C++ Example of Declaring a Loop-Index variable Within a for loop in C#

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C++ Example of Declaring a Loop-Index variable Within a for loop
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for ( int recordCount = 0; recordCount < MAX_RECORDS; recordCount++ ) { // looping code that uses recordCount }
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In principle, this technique should allow creation of code that redeclares recordCount in multiple loops without any risk of misusing the two different recordCounts. That usage would give rise to code that looks like this:
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C++ Example of Declaring Loop-Indexes Within for loops and reusing them safely Maybe!
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for ( int recordCount = 0; recordCount < MAX_RECORDS; recordCount++ ) { // looping code that uses recordCount } // intervening code for ( int recordCount = 0; recordCount < MAX_RECORDS; recordCount++ ) { // additional looping code that uses a different recordCount }
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16. Controlling Loops
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This technique is helpful for documenting the purpose of the recordCount variable, however don t rely on your compiler to enforce recordCount s scope. Section 6.3.3.1 of The C++ Programming Language (Stroustrup 1997) says that recordCount should have a scope limited to its loop. When I checked this functionality with three different C++ compilers, however, I got three different results: The first compiler flagged recordCount in the second for loop for multiple variable declarations and generated an error. The second compiler accepted recordCount in the second for loop but allowed it to be used outside the first for loop. The third compiler allowed both usages of recordCount and did not allow either one to be used outside the for loop in which it was declared.
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As is often the case with more esoteric language features, compiler implementations can vary.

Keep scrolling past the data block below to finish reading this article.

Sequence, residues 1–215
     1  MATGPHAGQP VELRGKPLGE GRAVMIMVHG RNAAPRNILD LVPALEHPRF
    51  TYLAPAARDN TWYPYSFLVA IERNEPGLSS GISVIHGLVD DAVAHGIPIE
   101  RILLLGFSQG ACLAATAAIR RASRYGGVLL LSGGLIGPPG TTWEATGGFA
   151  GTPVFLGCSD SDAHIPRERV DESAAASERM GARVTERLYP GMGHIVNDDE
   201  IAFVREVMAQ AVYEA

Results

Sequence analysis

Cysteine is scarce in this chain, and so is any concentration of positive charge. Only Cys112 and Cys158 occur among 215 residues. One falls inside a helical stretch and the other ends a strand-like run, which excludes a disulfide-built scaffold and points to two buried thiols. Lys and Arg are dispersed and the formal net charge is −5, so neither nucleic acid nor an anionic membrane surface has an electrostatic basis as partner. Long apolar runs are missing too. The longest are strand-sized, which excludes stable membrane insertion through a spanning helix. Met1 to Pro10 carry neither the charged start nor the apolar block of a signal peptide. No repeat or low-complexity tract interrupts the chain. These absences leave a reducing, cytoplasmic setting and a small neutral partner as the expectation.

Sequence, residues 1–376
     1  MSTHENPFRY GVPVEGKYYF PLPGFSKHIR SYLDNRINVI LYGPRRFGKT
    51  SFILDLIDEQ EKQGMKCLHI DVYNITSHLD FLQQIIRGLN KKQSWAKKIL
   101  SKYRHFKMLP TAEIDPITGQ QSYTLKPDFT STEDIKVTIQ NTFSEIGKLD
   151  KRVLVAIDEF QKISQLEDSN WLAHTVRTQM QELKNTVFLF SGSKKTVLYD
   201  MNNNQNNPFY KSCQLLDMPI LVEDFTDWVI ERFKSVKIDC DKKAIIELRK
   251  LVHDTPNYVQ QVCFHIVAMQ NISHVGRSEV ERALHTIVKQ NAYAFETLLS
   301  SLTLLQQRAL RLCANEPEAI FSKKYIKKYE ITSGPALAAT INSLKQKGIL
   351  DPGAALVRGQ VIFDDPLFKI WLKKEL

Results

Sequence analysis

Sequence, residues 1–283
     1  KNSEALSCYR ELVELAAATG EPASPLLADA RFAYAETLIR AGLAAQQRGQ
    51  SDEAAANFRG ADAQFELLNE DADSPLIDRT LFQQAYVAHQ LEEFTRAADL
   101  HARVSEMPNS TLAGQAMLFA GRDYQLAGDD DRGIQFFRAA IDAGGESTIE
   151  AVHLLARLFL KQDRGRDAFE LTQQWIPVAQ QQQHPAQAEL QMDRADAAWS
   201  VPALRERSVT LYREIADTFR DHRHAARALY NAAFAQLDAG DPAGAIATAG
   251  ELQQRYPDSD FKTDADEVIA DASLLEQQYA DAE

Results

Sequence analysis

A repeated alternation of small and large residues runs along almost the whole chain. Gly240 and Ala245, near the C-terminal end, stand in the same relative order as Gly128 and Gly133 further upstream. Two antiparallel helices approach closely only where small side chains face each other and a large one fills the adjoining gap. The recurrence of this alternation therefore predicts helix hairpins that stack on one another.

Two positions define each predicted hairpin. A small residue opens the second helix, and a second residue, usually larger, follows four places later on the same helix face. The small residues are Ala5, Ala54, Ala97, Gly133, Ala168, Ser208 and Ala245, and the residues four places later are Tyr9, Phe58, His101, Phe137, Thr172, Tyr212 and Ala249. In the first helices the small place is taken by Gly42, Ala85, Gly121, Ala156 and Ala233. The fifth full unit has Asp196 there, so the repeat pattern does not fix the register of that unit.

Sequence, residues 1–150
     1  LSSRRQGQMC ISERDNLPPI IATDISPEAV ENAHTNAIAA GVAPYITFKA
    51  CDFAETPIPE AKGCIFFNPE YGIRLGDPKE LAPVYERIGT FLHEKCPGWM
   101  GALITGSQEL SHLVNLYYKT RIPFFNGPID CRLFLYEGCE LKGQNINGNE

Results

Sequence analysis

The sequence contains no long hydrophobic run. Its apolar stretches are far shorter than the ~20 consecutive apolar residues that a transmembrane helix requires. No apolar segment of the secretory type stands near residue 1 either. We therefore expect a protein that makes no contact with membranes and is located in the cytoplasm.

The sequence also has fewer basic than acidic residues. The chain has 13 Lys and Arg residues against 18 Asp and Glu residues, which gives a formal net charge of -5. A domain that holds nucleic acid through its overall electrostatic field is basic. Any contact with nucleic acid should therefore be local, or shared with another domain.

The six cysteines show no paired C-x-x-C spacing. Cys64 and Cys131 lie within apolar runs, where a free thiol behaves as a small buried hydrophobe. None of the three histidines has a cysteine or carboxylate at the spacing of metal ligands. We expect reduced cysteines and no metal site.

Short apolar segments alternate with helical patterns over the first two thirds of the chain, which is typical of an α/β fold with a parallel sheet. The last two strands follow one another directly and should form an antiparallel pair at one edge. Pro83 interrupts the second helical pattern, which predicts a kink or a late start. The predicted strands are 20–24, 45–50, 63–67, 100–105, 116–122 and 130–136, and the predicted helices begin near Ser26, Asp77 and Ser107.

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How Long Should a Loop Be
Loop length can be measured in lines of code or depth of nesting. Here are some guidelines:
Make your loops short enough to view all at once If you usually look at loops on 66-line paper, that puts a 66-line restriction on you. If your monitor displays 50 lines, that puts a 50-line restriction on you. Experts have suggested a loop-length limit of one printed page, or 66 lines. When you begin to appreciate the principle of writing simple code, however, you ll rarely write loops longer than 15 or 20 lines.
5 CROSS-REFERENCE
6 details on simplifying
nesting, see Section 19.4, Taming Dangerously Deep 8 Nesting.
Limit nesting to three levels Studies have shown that the ability of programmers to comprehend a loop deteriorates significantly beyond three levels of nesting (Yourdon 1986a). If you re going beyond that number of levels, make the loop shorter (conceptually) by breaking part of it into a routine or simplifying the control structure. Move loop innards of long loops into routines If the loop is well designed, the code on the inside of a loop can often be moved into one or more routines that are called from within the loop. Make long loops especially clear Length adds complexity. If you write a short loop, you can use riskier control structures such as break and continue, multiple exits, complicated termination conditions, and so on. If you write a longer loop and feel any concern for your
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16. Controlling Loops
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reader, you ll give the loop a single exit and make the exit condition unmistakably clear.
16.3 Creating Loops Easily from the Inside Out
If you sometimes have trouble coding a complex loop which most programmers do you can use a simple technique to get it right the first time. Here s the general process. Start with one case. Code that case with literals. Then indent it, put a loop around it, and replace the literals with loop indexes or computed expressions. Put another loop around that, if necessary, and replace more literals. Continue the process as long as you have to. When you finish, add all the necessary initializations. Since you start at the simple case and work outward to generalize it, you might think of this as coding from the inside out. Suppose you re writing a program for an insurance company. It has lifeinsurance rates that vary according to a person s age and sex. Your job is to write a routine that computes the total life-insurance premium for a group. You need a loop that takes the rate for each person in a list and adds it to a total. Here s how you d do it. First, in comments, write the steps the body of the loop needs to perform. It s easier to write down what needs to be done when you re not thinking about details of syntax, loop indexes, array indexes, and so on.
Step 1: Creating a Loop from the Inside Out (Pseudocode Example)
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